Kids gamely app-ly road safety mes­sage

Matamata Chronicle - - News -

Ruben the Road Safety Bear now has his own An­droid phone app – thanks to some nifty pro­gram­ming work by a group of students from Waikato Univer­sity’s Depart­ment of Com­puter Sci­ence.

The five students pro­duced a set of sim­ple An­droid-based games for kids in ful­fil­ment of the COMP 314 soft­ware engi­neer­ing project – a three-month ex­er­cise for thirdyear students to work in groups to de­sign and im­ple­ment a medi­um­sized soft­ware project for a client.

The games are now avail­able as a free down­load from the Google Play­store.

Jenny Davis, trans­port projects ad­min­is­tra­tor at the Waikato Re­gional Coun­cil, said it’s a very ‘‘cool’’ out­come.

‘‘We had the idea be­cause we wanted some­thing to drive home the road safety mes­sage for 3 to 7-year-olds. I saw a kid play­ing with his mum’s phone and then I saw the story in the pa­per about how the univer­sity was look­ing for pro­gram­ming projects for students, so I got in touch right away.

‘‘I know noth­ing at all about pro­gram­ming – I didn’t even know what an app was, so the students have held my hand all the way through the project. It’s been a re­ally stress-free project for me.’’

The students first had to de­cide the best for­mat to de­liver Ruben’s mes­sage to young chil­dren.

‘‘ We had the choice be­tween some­thing ed­u­ca­tional or a game,’’ said Ashish Mathai. ‘‘ We def­i­nitely de­cided that an ed­u­ca­tional games for­mat would be best.’’

They cre­ated four games – one for each mes­sage: Be bright – dress bright; Stop, look, lis­ten and link; Hel­met on right and tight; and Seat your­self right, buckle in tight.

One game asks the chil­dren to change the colour of the clothes Ruben is wear­ing and check it against a ‘‘ bright- o- me­ter’’; an­other re­quires kids to match the icons for stop, look, lis­ten and link within a set time. If they suc- ceed, the cross­ing light turns green and Ruben gets to cross the road with a friend.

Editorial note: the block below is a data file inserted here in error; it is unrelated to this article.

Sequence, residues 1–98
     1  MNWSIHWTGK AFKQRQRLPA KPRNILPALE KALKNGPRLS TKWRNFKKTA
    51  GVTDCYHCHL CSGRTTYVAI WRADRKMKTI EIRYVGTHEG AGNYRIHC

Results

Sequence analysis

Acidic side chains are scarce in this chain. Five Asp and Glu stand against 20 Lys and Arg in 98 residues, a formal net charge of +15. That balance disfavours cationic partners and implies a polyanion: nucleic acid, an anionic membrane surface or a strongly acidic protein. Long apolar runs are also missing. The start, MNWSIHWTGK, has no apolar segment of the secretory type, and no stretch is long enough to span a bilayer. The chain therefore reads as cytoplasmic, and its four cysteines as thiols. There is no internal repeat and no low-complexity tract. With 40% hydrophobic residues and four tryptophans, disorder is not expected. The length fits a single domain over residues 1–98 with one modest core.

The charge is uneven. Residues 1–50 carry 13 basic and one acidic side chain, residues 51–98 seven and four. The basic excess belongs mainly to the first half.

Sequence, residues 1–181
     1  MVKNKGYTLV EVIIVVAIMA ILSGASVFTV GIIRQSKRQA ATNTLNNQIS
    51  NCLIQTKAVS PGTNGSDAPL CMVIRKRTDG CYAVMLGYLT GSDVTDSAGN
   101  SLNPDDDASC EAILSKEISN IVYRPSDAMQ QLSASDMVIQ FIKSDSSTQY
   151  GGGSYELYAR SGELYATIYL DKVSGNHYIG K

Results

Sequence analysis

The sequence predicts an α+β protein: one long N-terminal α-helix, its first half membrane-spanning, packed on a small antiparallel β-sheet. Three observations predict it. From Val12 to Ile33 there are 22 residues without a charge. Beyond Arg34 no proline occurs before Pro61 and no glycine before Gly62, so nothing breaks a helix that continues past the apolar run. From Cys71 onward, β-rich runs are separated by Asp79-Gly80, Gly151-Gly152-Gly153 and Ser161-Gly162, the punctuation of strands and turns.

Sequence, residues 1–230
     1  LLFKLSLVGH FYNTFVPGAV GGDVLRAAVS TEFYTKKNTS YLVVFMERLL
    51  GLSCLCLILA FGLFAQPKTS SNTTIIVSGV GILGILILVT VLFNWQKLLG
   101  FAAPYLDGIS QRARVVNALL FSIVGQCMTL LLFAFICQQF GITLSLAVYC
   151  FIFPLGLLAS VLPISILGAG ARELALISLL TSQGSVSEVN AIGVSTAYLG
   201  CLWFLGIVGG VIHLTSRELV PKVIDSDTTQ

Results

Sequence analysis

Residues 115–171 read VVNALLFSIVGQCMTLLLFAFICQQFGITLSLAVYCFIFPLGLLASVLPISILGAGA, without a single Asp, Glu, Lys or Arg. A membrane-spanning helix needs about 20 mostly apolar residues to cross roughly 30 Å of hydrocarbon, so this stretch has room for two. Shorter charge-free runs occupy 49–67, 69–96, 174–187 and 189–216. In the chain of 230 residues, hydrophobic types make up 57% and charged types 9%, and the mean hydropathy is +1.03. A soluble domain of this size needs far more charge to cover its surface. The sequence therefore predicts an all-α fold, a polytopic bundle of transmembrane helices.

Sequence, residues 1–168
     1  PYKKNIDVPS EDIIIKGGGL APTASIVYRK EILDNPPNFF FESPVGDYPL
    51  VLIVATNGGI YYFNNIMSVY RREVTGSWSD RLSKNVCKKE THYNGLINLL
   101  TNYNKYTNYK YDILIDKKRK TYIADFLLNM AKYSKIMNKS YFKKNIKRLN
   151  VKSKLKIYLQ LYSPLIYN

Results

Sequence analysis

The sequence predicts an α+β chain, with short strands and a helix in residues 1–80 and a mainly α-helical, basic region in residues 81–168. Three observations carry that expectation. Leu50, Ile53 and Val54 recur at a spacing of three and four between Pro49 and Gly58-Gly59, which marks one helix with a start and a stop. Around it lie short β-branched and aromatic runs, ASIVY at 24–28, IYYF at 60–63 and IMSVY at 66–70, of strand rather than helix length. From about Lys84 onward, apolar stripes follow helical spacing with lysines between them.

The team had an ad­van­tage in hav­ing a com­puter graphic de­sign stu­dent in the group, Jamie Killen, who took charge of all the art work. An­other stu­dent Wany­ing Yang took care of a lot of the pro­gram­ming.

Team mem­ber Nigel Pirikahu said Jenny Davis was the per­fect client.

‘‘She was clear what she wanted but also open to our ideas and re­ally sup­port­ive. We spent three weeks on the de­sign as our ideas had to meet her ex­pec­ta­tions.’’

All the students say the ex­pe­ri­ence has been hugely valu­able. ‘‘This pa­per was rec­om­mended to me,’’ says Lifu Sun.

‘‘ Em­ploy­ers want real- world ex­pe­ri­ence, and this pa­per cer­tainly gives you that.’’

Lec­turer Dr David Streader said the soft­ware engi­neer­ing project is a great op­por­tu­nity for clients and students alike.

‘‘Our students are in their fi­nal year of their com­puter sci­ence de­gree, so by now they’ve got all the pro­gram­ming skills they need.

‘‘For them, it’s been an op­por­tu­nity to learn how to work as a team, and plan and de­liver a project within bud­get and on time – it’s real world skills like these that make our grad­u­ates so sought af­ter in the IT sec­tor,’’ he said.

App owner: Ruben the Road Safety Bear.

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